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Could a Kansas independent shift control of the Senate?

August 27th, 2014, 2:36pm by Sam Wang

Normally, both Kansas Senate seats are deep red: one’s been Republican since Franklin Roosevelt was President, and the other one dates back to Woodrow Wilson. So it’s not surprising that even though incumbent Senator Pat Roberts has an abysmal 27% job approval rating, polls indicate that he would still beat his Democratic opponent, Chad Taylor. However, there’s a third option: independent Greg Orman. And a recent PPP survey indicates that Orman could beat Roberts one-on-one.

This is especially interesting because in the current polling snapshot, Republicans are most likely to control 50 or 51 seats. But what if a seat that is >90% likely to go red were suddenly to go to an independent? Check out the rest of the story here. (Then comment below.)

Update: I have more comments below: 

I encourage people to read Orman’s position statements carefully at his campaign website, especially involving caucusing. Note one possible issue: independents might not have the ability to vote for Majority Leader.

The PPP survey measurements are consistent with the following preferences:

D>O>R: 39%

R>O or D: 45%

O>R>D: 8%

O>D>R: 8%

where “>” means “preferred over.”

In other words, Orman draws supporters from both parties equally, and supporters of either the D or R candidate will vote for Orman before they will vote for the other party’s candidate. All of this is fairly symmetric. If the D candidate dropped out, Orman would win. I suspect the same would be true if the R candidate dropped out, but PPP did not survey that question.

Tags: 2014 Election · Senate

10 Comments so far ↓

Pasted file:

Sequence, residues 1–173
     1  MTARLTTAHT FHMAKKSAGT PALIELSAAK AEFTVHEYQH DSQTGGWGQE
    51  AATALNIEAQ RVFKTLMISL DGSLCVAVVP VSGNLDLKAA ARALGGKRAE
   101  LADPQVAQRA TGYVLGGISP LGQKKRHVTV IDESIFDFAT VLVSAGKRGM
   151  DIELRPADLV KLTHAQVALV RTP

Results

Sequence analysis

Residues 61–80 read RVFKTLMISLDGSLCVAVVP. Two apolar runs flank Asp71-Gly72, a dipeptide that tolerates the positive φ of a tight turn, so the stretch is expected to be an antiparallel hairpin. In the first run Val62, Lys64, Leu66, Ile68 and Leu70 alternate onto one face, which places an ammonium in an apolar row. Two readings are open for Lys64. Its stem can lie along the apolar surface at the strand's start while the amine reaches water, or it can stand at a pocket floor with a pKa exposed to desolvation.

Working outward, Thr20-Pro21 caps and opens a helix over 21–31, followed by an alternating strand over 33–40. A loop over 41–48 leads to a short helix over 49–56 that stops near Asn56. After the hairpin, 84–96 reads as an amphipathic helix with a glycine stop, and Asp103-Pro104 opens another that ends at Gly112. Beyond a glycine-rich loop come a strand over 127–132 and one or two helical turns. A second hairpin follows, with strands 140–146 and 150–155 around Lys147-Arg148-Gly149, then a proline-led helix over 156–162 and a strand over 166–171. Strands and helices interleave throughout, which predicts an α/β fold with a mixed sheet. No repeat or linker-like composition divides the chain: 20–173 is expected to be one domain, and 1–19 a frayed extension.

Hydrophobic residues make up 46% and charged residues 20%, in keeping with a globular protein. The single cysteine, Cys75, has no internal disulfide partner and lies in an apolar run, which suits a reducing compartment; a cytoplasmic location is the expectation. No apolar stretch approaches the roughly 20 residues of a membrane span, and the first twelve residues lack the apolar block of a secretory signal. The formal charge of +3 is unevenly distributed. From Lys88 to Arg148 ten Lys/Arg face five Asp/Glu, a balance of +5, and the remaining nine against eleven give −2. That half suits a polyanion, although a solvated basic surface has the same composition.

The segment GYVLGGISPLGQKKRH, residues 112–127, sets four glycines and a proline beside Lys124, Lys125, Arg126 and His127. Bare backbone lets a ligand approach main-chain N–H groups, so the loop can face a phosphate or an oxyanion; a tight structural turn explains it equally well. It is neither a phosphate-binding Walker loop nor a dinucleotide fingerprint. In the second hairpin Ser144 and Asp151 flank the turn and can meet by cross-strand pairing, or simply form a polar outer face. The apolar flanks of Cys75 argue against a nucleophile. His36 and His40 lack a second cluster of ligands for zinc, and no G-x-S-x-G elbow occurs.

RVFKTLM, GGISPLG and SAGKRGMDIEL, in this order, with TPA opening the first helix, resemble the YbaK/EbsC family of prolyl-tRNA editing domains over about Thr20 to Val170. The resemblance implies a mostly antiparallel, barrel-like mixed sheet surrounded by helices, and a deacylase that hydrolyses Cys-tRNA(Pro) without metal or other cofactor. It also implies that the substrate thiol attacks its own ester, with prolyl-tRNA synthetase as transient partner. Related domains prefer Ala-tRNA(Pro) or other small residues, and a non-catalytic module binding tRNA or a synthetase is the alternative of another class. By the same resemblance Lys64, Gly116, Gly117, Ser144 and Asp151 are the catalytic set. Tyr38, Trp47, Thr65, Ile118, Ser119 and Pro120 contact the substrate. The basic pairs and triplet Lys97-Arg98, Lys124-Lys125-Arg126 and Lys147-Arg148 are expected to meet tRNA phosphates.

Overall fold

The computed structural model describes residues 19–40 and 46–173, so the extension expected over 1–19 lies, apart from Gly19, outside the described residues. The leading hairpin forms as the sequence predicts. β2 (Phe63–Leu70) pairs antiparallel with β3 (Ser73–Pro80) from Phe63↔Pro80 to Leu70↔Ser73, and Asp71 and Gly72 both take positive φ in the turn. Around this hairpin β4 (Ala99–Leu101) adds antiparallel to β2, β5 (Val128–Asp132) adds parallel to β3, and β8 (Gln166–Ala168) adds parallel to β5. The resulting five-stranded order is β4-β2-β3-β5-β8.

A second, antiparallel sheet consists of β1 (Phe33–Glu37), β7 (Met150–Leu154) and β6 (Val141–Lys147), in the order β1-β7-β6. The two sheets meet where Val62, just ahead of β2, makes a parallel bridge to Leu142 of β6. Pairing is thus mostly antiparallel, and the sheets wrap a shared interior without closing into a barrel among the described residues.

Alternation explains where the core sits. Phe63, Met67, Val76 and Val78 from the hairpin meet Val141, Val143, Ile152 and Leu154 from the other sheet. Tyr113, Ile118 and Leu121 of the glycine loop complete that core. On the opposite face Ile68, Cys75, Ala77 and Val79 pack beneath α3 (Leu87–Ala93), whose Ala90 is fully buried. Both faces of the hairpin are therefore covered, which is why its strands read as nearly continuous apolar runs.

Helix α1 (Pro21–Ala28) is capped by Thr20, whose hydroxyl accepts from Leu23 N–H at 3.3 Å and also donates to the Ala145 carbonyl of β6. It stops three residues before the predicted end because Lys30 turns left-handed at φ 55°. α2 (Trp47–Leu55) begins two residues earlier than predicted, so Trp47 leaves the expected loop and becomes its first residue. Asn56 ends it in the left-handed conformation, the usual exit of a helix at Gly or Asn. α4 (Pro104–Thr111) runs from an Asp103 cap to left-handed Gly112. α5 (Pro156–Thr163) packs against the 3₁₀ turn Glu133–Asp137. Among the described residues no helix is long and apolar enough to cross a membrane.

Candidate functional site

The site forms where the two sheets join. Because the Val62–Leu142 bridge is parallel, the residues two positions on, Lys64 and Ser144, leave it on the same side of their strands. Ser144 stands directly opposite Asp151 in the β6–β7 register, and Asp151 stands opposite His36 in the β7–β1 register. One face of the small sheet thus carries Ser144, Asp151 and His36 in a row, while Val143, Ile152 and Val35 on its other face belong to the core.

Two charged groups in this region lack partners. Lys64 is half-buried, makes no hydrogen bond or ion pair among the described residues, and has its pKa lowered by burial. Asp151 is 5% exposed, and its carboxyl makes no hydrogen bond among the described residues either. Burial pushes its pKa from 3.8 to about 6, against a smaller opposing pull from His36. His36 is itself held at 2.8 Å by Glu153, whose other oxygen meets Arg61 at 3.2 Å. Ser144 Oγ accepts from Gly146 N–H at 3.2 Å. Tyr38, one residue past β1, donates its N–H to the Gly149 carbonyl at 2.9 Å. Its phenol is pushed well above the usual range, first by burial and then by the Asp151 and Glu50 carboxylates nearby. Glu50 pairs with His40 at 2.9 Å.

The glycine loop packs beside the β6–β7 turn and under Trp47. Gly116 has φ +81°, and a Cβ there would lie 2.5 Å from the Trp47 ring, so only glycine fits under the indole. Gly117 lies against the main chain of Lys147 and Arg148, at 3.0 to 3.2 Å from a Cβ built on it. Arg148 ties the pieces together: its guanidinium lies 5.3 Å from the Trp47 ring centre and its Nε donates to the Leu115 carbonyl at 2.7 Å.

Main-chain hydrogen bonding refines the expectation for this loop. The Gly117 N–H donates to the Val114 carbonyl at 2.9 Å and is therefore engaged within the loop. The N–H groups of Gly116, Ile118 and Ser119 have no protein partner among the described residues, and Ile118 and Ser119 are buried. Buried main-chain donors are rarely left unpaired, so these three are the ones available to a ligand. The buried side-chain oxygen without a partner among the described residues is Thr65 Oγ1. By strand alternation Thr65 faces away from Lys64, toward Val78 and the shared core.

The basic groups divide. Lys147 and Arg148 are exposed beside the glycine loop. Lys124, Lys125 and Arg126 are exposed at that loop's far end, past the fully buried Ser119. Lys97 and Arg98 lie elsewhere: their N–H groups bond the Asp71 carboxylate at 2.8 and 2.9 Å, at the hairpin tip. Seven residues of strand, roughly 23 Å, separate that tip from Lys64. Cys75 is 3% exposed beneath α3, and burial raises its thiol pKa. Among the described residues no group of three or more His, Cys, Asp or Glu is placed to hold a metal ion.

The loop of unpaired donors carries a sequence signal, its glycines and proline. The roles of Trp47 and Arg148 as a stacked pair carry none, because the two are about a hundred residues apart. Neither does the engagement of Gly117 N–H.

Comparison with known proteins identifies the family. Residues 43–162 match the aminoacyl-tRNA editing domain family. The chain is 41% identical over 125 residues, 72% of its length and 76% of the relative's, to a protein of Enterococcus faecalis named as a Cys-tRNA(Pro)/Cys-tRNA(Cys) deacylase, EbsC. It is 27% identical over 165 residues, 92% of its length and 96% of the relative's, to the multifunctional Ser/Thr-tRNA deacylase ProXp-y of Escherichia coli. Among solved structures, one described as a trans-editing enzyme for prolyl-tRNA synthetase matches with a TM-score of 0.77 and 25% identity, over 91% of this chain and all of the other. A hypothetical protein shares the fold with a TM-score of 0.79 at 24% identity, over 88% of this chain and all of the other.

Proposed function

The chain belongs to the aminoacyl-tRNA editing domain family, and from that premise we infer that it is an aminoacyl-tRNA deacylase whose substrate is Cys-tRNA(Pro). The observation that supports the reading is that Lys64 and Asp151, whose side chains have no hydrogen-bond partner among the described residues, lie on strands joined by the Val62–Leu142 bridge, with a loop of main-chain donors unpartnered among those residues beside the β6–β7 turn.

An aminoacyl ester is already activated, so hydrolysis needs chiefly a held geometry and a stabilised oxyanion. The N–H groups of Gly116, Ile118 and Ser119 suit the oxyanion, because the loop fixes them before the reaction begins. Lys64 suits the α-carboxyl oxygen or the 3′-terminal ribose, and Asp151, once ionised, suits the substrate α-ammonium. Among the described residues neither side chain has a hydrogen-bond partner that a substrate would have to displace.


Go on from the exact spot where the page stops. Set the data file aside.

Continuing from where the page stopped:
• 538 Refugee

    Interesting but I don’t see the Democrat dropping out. 6 points down in his mind means he only has to gain 3+ points against someone with a 27% approval rating. In a state that red maybe Taylor is thinking along the lines of Orman splitting the Republican vote since it was a close primary for Roberts?

  • WDR

    This might show the limits of the Republican strategy of negative campaigning and ‘linking’ of local candidates to nationally unpopular Democrats. It will be interesting to watch, that’s for sure.

  • Joseph

    The question is, is Mr. Orman pulling as many votes from Democrats as he is from Republicans, or more from one or the other? If he’s pulling significantly more votes from Republicans, then they may also be screwed if Mr. Taylor DOES stay in the race! This is possible because Mr. Orman isn’t well known yet, so his effect on a three-way race isn’t finalized.

  • Amitabh Lath

    To do this right you need to create a probability distribution function (PDF) for Taylor dropping out, and another for Orman caucusing with Democrats. Then convolve to get the KS Senate estimate.
    I would guess the 1st to be a gaussian centered at say, 10% with a sigma of 10%. The 2nd, no clue.

  • 538 Refugee

    I think this article lays it out well. Basically, the Democrats might get Orman to caucus with them if they convince Taylor to drop out. Not sure that means much when you can’t count on the his vote. Appointments might be enough though. How real is that possibility though? His name recognition is still pretty low also but this is an election about ‘not Roberts’ it would seem.

    • Amitabh Lath

      So the PDFs for Orman to caucus with Dems is correlated to the PDF for Taylor to drop out. A 2-parameter PDF.

    • Jpell

      While obviously speculation since I know little about Kansas politics, its also seems possible to me that Taylor dropping out and endorsing Orman could change perceptions of Orman. Is it possible that fewer Republicans would support him if he was viewed less as a “true” independent, and more as a “de facto Democrat?”

  • WDR

    I’ve been thinking about how likely Orman is to be able to pull off a Ventura style upset. Jesse Ventura won the election for Minnesota Governor in 1998 as a third party candidate. As late as October, a poll showed him in third place with 35/34/21.

    Races with three plausible winning candidates are more complicated than usual two-way ones. There is a potential shift that can happen when the third candidate starts polling well enough that voters start to think they can actually win. People who vote for A over B because they don’t want C to win and are unfamiliar with B, or don’t think he has a chance to win, may reach a tipping point and swap.

    There are very few examples of that in recent U. S. history though, so it’s hard to draw conclusions.

  • Insidious Pall

    Ok, so Taylor gave up the ghost a few hours ago. Are we to infer that PEC now has the chances of Democrats’ retaining control at 85% based on the previous histogram?

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